However, despite lower crops in recent months, an anticipated recovery in production in the last quarter could enable the island to match last year's record output, John Keells tea brokers said.
"With eight months of the year gone by, plantations have had no respite from the low crops and weak markets we have witnessed, particularly during the third quarter of 2011," they said in a report.
Although at recent sales, there has been a slight revival in prices particularly for the BOPFs grade with Russia showing good inquiry, price levels for the 'Below Best' and plainer teas continue to fall "well short" of current production cost, they said.
The situation has been made worse with low crop intakes from all three elevations owing to erratic weather.
Most estates in the high and medium elevations are run by plantations companies listed on the Colombo bourse.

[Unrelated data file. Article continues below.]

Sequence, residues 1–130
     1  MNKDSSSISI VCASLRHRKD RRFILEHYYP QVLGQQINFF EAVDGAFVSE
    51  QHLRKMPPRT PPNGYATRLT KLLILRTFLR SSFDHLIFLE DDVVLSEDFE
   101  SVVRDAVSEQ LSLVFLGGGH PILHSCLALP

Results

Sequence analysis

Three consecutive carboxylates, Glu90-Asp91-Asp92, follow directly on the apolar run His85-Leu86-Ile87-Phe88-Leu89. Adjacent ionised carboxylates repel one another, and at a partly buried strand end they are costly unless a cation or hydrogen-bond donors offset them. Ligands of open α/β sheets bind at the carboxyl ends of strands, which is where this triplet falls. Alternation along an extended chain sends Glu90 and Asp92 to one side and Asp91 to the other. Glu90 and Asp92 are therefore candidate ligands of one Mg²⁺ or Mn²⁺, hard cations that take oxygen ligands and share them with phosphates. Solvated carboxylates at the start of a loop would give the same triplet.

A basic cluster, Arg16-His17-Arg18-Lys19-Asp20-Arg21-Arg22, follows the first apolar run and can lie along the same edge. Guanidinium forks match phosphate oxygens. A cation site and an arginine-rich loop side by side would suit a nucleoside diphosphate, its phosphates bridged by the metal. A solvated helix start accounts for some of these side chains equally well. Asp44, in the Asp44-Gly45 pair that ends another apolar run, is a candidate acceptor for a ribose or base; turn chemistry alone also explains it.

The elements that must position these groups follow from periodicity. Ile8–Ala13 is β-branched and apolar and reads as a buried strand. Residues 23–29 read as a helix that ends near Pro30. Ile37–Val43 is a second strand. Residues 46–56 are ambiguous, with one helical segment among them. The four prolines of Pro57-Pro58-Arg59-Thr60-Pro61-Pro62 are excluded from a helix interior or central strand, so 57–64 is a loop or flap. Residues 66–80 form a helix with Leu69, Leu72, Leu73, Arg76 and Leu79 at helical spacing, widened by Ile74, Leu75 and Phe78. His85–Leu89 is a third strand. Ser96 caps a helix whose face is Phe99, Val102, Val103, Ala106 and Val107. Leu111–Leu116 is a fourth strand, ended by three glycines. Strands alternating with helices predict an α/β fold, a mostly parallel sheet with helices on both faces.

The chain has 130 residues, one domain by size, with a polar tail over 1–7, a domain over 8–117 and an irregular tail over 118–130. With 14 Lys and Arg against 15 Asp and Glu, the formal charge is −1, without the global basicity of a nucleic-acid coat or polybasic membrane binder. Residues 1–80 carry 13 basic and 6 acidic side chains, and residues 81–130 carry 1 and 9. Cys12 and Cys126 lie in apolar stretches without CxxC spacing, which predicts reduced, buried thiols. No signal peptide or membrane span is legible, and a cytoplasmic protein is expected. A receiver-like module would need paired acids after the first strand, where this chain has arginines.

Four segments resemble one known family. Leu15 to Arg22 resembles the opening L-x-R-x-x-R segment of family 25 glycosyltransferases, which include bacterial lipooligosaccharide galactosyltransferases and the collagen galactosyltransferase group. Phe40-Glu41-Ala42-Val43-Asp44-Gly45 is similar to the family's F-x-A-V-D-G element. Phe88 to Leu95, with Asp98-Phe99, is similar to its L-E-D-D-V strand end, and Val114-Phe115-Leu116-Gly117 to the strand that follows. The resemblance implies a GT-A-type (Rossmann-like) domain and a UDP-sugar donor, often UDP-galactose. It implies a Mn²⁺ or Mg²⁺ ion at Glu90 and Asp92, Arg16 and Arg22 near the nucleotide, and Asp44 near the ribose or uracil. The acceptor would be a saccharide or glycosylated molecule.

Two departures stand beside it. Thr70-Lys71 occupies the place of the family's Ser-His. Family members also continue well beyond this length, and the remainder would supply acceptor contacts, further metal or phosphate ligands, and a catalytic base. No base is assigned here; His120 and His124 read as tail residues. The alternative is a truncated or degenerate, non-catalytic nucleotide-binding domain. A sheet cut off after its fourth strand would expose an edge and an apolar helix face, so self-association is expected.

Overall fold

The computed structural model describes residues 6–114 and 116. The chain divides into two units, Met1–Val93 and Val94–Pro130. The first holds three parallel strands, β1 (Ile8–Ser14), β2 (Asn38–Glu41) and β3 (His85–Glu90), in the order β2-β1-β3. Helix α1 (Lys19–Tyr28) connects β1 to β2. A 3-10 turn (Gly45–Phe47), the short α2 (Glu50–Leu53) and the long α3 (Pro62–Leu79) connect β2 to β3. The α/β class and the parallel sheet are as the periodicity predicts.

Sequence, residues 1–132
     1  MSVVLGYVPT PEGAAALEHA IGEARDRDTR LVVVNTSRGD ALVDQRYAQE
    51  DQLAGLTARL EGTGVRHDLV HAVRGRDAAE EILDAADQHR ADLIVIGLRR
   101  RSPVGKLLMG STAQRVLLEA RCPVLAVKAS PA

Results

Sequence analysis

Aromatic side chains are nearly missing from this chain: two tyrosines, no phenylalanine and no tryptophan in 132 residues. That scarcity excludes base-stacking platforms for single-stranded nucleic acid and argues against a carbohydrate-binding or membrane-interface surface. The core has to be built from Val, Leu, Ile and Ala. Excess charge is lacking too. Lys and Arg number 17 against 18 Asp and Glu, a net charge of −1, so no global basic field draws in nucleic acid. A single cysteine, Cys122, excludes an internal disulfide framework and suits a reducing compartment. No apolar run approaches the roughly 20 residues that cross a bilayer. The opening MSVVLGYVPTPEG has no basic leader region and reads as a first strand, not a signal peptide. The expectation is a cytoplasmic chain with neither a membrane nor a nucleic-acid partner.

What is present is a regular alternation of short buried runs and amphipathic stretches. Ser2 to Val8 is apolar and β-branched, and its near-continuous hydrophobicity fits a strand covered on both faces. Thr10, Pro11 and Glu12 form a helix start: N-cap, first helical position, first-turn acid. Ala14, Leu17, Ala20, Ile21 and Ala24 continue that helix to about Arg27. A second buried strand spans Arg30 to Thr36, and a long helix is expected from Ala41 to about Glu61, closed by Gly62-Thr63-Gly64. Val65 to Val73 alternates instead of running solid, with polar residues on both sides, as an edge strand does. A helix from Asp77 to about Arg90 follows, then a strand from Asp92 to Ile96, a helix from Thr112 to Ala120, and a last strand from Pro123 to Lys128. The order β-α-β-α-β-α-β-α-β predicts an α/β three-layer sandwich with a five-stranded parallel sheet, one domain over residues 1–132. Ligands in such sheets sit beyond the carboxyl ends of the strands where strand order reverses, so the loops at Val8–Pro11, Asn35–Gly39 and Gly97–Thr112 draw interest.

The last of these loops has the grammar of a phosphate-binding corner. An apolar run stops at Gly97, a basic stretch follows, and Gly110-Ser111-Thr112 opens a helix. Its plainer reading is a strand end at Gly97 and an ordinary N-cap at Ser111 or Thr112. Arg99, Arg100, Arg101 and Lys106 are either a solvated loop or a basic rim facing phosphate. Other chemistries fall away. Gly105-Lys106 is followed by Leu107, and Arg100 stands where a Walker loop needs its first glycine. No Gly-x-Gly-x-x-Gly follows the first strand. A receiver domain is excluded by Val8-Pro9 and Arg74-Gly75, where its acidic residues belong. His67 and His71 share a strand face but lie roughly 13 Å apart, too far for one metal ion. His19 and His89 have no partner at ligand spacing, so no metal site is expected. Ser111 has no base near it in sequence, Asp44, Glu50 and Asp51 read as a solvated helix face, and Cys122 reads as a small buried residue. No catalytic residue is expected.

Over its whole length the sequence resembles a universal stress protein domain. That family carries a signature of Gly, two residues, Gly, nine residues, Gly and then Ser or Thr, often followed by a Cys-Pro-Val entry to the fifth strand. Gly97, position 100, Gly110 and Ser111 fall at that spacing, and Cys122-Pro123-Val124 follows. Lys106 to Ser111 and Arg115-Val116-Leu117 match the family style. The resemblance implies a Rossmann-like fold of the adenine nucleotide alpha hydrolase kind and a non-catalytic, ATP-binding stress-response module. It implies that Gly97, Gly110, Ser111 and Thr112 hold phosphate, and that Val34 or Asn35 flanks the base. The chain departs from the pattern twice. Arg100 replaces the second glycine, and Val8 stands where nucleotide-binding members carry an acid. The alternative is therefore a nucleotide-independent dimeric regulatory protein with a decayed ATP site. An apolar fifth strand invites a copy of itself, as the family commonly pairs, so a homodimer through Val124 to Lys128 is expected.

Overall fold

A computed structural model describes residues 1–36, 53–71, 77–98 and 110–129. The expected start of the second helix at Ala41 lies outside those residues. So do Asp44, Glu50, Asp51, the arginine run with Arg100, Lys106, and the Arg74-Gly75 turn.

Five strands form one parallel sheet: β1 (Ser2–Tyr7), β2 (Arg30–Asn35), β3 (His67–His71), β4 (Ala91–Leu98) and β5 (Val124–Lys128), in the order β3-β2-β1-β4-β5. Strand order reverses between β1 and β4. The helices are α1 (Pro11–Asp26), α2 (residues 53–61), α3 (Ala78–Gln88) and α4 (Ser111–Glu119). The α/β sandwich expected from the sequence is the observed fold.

"The present cost of production (in) most estates in the 'High Grown' sector in the past three months have been averaging above 450 rupees a kilo, whereas the sale averages have been in the region of 300 rupees, (with) losses of around 150 rupees per kilo and more," John Keells said.
Analysts said global commodity prices have been falling as the US dollar strengthened in recent weeks.
According to the Sri Lanka Tea Board, the August tea crop was eight percent lower than the same month last year with the high and medium elevations having shortfalls in excess of 20 percent.
"The reports that we have had from plantations suggest that even the September crop would fall short of last year’s harvest of 25 million kilos," the brokers said.
However, they said that despite the crop shortfall in the second half of 2011, Sri Lanka’s production to end-August is only marginally lower than the same period last year.
"Given a strong showing in the last quarter of the year, production could yet match up to last year's all-time record crop of 331 million kilos," the brokers said.